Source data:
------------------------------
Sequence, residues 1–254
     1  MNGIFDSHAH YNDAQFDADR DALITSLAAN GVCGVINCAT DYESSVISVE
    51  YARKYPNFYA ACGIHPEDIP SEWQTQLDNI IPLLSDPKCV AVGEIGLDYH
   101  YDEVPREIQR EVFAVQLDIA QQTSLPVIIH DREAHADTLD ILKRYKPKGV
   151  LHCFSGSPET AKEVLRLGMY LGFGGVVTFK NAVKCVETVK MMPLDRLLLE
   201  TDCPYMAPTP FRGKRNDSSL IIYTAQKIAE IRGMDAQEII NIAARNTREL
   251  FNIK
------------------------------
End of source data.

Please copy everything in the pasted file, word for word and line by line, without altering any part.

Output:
Sequence, residues 1–254
     1  MNGIFDSHAH YNDAQFDADR DALITSLAAN GVCGVINCAT DYESSVISVE
    51  YARKYPNFYA ACGIHPEDIP SEWQTQLDNI IPLLSDPKCV AVGEIGLDYH
   101  YDEVPREIQR EVFAVQLDIA QQTSLPVIIH DREAHADTLD ILKRYKPKGV
   151  LHCFSGSPET AKEVLRLGMY LGFGGVVTFK NAVKCVETVK MMPLDRLLLE
   201  TDCPYMAPTP FRGKRNDSSL IIYTAQKIAE IRGMDAQEII NIAARNTREL
   251  FNIK